Monthly Archives: April 2019

Colorado Blueberries: A Success Story

Blueberries grown in peat moss bales

Make no mistake about it, blueberry plants want what Colorado’s soils can’t deliver – high acidity. Attempts to grow them in our alkaline soil will frustrate the most accomplished gardener. However, research at Colorado State University found the plants can be grown successfully in this region when planted directly into a bale of peat moss, which has been tucked into the garden bed. The process is described in detail here.

Five years ago, armed with bales of peat, solid research and determination, Denver Master Gardener Jill Fielder decided to add blueberries to her raised beds. Given the proper environment, regular care and careful plant selection, she’s been enjoying berries every summer since.

According to Jill, “Blueberries are both insect and wind pollinated and the bees love ours. Most experts believe that blueberries set great yields when there’s cross pollination with another variety that flowers at the same time, so we have a couple different cultivars.” Northcountry Blue (small, flavorful berries, upright habit), Bluegold, (productive with a somewhat sprawling habit) and Bluecrop (large berries, the newest addition) are 3.5′ to 4.5′ feet tall and doing well. Northblue didn’t produce well and was replaced.

Spring buds

Plants were purchased on-line from reputable growers and were planted in the spring. The plants are feed monthly during the growing season with a water soluble fertilizer for acid-loving plants. A drip irrigation system provides moisture.

Jill’s raised beds are in a protected area of her yard, bordered by a fence and garage so she has not covered or wrapped the plants in the winter. However, winter protection is recommended in less protected areas. Late in the winter, plants are trimmed to remove dead or damaged wood and maintain shape.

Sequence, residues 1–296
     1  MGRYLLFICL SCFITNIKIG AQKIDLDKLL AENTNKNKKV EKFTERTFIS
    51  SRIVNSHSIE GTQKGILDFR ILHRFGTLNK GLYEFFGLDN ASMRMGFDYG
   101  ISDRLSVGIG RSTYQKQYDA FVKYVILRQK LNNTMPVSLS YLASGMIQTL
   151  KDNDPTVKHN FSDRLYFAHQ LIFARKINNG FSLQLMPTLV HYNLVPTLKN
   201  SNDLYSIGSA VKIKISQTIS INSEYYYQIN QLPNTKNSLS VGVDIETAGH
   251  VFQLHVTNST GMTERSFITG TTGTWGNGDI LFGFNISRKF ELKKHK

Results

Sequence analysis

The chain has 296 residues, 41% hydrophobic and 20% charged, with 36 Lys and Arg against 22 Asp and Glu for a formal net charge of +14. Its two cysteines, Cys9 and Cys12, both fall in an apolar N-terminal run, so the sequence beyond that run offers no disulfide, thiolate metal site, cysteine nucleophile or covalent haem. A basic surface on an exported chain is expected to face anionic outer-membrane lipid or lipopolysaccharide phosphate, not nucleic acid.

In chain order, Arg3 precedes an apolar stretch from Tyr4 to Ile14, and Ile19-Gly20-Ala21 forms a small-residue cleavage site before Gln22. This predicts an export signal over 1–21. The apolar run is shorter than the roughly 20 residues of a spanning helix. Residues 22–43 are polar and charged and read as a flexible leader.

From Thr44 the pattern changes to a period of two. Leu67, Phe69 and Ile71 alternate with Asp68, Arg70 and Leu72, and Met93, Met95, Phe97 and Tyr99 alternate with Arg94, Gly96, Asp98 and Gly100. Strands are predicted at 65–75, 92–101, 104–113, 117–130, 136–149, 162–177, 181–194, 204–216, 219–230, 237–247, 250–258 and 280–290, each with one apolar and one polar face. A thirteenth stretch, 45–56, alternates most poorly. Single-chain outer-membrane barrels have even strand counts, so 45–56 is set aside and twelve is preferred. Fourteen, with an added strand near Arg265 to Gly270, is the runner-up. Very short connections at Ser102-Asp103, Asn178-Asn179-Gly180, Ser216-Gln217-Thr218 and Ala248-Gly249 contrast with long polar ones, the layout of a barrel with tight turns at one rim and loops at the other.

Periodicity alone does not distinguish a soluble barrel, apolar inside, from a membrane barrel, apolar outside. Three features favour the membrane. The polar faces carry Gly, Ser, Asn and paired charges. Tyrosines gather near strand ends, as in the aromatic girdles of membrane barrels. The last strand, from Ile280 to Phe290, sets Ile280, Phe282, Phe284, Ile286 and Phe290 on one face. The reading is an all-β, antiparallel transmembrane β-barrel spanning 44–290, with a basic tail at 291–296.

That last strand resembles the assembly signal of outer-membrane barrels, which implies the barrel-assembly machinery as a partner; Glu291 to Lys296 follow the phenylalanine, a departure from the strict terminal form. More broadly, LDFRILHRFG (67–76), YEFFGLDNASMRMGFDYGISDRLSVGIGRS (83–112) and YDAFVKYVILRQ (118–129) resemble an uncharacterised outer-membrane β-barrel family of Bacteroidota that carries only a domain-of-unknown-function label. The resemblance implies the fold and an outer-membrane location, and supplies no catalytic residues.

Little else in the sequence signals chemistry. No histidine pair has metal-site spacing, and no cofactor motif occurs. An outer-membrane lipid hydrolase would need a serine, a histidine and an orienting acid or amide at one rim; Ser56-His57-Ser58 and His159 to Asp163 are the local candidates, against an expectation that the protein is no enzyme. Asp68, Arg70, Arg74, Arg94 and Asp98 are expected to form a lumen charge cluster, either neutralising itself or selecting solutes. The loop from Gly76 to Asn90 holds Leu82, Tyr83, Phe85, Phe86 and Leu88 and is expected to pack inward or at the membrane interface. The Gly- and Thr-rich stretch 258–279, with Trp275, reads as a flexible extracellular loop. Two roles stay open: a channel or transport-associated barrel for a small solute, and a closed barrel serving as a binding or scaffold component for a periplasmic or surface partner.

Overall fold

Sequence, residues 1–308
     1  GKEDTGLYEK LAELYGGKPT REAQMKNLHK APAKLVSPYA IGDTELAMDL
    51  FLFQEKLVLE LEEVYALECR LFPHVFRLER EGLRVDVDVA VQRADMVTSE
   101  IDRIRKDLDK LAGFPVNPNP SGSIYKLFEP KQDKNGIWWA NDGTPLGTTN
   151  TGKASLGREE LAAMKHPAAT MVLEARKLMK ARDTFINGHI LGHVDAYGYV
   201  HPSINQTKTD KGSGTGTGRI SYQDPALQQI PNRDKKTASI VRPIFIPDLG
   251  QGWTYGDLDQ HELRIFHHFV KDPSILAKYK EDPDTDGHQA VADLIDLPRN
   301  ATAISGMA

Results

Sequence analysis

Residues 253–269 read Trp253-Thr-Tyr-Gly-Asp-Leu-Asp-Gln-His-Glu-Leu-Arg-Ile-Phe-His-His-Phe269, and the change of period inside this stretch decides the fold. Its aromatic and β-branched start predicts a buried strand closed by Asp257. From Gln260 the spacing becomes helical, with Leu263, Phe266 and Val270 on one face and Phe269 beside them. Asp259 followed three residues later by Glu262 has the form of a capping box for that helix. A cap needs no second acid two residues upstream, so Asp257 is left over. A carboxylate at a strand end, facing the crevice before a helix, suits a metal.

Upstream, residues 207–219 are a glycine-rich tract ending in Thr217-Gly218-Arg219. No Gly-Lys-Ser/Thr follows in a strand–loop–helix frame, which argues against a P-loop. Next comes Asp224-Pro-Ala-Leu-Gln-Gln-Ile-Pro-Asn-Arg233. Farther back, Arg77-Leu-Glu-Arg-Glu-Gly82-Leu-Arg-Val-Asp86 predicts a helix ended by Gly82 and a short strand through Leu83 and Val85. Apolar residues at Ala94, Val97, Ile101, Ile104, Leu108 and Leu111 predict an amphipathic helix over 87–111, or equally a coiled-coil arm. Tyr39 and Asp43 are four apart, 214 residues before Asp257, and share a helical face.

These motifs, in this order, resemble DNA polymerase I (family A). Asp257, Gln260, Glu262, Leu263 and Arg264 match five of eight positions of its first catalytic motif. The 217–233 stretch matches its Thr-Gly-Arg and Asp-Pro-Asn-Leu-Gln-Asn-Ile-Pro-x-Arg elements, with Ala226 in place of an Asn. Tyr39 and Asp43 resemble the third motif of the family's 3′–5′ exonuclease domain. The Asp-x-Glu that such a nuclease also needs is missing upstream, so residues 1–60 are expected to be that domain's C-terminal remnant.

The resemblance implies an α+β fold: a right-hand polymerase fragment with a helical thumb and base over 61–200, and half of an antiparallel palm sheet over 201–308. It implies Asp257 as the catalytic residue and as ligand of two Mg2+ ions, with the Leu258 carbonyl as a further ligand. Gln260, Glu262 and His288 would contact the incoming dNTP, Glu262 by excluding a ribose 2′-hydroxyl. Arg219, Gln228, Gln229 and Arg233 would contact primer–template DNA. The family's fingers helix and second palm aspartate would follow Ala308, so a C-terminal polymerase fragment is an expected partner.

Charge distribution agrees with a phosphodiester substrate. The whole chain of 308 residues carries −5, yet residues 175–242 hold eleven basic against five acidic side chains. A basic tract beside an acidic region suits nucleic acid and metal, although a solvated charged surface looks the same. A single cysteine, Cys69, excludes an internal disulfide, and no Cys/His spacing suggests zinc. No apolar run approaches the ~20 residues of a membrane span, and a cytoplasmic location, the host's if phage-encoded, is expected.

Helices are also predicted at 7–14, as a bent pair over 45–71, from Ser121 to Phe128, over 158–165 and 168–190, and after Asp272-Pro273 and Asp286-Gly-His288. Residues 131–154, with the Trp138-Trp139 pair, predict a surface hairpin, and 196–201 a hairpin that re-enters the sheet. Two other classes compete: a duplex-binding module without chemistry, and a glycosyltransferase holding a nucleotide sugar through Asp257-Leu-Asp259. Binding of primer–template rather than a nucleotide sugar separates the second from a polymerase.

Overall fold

If you’re looking for a new gardening challenge and can commit to the specific needs of these plants, why not give them a try?

Posted by Linda McDonnell, a Denver Master Gardener, with thanks to Jill Fielder for supplying inspiration and photos.

 

 

 

Meet the Garden Squad

Meet the Garden Squad is a new blog feature and a way to get better acquainted with some of our CSU Extension Master Gardener volunteers.

Maureen Horton has volunteered with CSU Extension as a Master Gardener since 1999. (Photo credit: Maureen Horton)

Meet Maureen Horton

The first CSU Master Gardener Plant Sale was a small community event on a Saturday in May. Only a few hands planted seeds for the 1400 plants available that year.

Over the last 14 years, the fundraiser for Denver Master Gardeners has grown to include 25 pairs of volunteer hands planting and tending more than 7,200 fruit and vegetable plants. The sale dates are May 18 and 19 this year.

While many things about the sale have changed, there’s something that’s remained the same: the work of Master Gardener Maureen Horton. She’s volunteered every year of the sale since the very beginning. She’s taken on the important task of coordinating all the planting in the City Park Greenhouse for the plant sale.

“I love filling the pots, planting the seeds, nurturing them and watching them grow,” she said. “It’s almost like a mother thing, nurturing them and then they go away, like your children.”

Maureen Horton (left) and a team of Master Gardener volunteers get to work in the City Park Greenhouse. (Photo credit: Merrill Kingsbury)

Maureen joined the Master Gardener program around 1999, but she’s been interested in nurturing plants since she was 5 or 6 years old. Her earliest gardening memories are of walking with her grandmother and uncle to tend the family garden plot in New Hampshire.